Roy Tang

Programmer, engineer, scientist, critic, gamer, dreamer, and kid-at-heart.

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Discussions on tech censorship came to the forefront in recent weeks due to the aftermath of the Jan 6 capitol insurrection in the US. I’ve been writing down a bunch of thoughts about the complicated issue, let’s see if I can hammer them into a blog post. (I also wanted to defer posting about it until after the Biden inauguration, in case more things of interest happen.) Here’s where I am now:


Ok, so first Trump (or anyone) getting kicked off Twitter (or any service) for TOS violations (inciting violence etc). it’s kind of a free speech issue, except the censorship is being done by a private entity, so it specifically doesn’t violate the US first amendment. I think that without question, I agree that social media platforms have a right to pick and choose what they allow on their platforms (except those that they aren’t allowed to discriminate against, by law, like race, religion, etc). And Trump absolutely violated ToS by inciting the Jan 6 riots.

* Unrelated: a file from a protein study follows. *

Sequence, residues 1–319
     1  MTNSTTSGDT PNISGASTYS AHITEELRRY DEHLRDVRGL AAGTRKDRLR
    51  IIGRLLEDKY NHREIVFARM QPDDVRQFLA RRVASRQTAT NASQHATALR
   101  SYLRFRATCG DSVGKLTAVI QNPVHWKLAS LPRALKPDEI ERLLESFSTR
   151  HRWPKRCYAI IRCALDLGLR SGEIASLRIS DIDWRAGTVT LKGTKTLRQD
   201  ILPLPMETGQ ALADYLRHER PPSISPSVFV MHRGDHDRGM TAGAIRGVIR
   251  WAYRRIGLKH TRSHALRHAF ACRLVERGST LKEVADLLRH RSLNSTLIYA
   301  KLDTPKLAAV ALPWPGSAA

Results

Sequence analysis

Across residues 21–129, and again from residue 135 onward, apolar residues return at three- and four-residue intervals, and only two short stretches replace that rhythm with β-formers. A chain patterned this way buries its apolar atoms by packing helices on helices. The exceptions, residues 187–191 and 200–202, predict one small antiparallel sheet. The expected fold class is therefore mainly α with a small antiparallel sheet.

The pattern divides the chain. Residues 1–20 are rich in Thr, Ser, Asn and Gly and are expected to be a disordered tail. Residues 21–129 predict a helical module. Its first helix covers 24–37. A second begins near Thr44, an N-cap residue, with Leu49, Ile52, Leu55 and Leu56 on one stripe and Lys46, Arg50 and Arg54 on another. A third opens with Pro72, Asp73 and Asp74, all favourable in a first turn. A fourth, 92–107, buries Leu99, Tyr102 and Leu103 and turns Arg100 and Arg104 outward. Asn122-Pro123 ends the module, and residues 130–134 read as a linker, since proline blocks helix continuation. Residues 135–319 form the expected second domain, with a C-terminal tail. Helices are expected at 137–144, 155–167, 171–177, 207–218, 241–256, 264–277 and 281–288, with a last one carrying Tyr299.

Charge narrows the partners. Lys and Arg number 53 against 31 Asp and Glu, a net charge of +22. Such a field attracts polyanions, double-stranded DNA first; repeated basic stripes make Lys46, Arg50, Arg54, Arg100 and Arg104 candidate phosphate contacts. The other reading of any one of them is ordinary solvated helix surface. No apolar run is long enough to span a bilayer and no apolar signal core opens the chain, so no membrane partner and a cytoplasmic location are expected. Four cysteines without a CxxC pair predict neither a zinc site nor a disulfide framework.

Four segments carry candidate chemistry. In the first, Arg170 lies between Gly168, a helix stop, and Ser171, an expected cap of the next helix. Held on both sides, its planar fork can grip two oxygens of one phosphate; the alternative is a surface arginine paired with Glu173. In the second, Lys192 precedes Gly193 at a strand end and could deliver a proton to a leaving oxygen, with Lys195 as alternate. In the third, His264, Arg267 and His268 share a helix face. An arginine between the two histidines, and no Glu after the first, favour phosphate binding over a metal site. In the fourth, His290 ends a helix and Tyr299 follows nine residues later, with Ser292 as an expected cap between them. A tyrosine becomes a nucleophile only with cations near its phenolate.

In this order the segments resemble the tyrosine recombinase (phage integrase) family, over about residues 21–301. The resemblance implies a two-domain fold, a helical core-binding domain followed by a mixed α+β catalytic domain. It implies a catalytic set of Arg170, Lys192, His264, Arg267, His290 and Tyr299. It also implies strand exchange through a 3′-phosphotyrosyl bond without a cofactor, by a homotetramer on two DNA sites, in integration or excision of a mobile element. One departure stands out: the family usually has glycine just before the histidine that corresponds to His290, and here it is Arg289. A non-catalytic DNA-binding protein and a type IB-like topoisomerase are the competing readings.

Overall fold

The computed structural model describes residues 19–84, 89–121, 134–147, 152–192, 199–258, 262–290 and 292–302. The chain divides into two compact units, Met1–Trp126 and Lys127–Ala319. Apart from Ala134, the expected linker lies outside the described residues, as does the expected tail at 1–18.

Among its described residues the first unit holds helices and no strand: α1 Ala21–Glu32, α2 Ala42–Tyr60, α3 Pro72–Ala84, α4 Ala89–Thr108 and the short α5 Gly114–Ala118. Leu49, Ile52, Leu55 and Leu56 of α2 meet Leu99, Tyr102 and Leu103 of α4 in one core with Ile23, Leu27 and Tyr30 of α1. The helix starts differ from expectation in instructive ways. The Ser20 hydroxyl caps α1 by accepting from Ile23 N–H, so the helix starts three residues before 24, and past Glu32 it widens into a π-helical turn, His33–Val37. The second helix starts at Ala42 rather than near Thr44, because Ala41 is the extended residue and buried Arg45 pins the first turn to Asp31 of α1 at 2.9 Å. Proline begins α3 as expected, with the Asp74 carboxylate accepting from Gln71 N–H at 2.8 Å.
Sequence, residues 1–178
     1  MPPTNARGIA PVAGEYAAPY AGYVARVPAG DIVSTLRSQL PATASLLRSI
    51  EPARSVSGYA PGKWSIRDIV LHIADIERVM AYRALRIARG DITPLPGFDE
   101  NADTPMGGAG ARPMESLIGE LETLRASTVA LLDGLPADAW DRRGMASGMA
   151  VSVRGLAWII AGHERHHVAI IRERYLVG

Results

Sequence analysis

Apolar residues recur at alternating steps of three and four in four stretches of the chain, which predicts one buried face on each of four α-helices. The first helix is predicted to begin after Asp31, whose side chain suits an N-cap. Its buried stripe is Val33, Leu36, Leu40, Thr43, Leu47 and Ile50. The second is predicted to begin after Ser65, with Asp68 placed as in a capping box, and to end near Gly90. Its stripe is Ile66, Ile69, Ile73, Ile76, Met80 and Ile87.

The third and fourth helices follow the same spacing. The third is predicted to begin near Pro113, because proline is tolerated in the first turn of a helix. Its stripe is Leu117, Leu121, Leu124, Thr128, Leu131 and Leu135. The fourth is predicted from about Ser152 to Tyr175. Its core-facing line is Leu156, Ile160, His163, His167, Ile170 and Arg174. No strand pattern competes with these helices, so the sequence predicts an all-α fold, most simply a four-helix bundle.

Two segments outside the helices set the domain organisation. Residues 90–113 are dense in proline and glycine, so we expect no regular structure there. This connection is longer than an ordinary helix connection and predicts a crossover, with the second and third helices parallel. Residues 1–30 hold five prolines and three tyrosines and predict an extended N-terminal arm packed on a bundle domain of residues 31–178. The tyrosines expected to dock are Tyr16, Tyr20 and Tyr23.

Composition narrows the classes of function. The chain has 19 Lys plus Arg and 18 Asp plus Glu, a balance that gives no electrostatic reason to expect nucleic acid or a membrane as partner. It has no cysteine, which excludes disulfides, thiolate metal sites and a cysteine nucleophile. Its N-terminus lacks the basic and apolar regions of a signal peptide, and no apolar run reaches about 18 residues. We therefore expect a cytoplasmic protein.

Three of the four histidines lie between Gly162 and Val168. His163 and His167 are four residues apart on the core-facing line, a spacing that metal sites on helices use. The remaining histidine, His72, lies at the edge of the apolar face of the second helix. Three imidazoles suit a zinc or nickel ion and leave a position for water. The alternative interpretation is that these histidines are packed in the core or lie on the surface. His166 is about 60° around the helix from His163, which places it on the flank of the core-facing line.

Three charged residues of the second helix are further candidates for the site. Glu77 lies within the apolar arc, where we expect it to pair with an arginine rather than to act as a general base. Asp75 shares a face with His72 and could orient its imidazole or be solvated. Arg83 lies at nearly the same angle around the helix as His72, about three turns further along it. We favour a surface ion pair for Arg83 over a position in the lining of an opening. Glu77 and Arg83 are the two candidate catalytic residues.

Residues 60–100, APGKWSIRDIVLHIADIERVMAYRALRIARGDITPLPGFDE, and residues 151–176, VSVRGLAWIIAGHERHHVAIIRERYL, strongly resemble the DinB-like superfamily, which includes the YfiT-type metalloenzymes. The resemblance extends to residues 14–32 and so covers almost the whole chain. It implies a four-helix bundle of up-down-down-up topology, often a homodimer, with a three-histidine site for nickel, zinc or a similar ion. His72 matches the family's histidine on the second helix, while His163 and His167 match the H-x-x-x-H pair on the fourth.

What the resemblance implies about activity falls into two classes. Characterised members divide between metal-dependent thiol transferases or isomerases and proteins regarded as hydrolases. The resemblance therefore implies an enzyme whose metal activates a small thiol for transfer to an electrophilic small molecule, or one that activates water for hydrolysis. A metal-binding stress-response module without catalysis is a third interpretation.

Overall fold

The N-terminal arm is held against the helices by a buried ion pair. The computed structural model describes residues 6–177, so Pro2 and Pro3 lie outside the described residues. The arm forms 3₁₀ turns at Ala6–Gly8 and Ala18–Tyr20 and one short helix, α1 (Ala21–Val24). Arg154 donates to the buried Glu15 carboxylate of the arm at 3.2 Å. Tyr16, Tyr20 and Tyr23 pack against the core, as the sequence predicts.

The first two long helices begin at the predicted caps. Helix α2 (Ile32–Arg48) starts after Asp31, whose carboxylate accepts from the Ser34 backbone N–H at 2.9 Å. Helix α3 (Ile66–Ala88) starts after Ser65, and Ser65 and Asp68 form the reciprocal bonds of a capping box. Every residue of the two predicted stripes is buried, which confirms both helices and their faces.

People are thinking this is a free speech issue because being deplatformed feels similar to being escorted off and banned from a public square. Of course, if you were on a public square goading people to raid govt buildings and kill elected officials, a lot of people would you want you dragged away from there anyway. That being said, I think the bigger issue is why have we these tech companies/platforms that are being treated as de facto public squares in the first place. It feels like we shouldn’t have allowed them to grow to this size/amount of influence in the first place.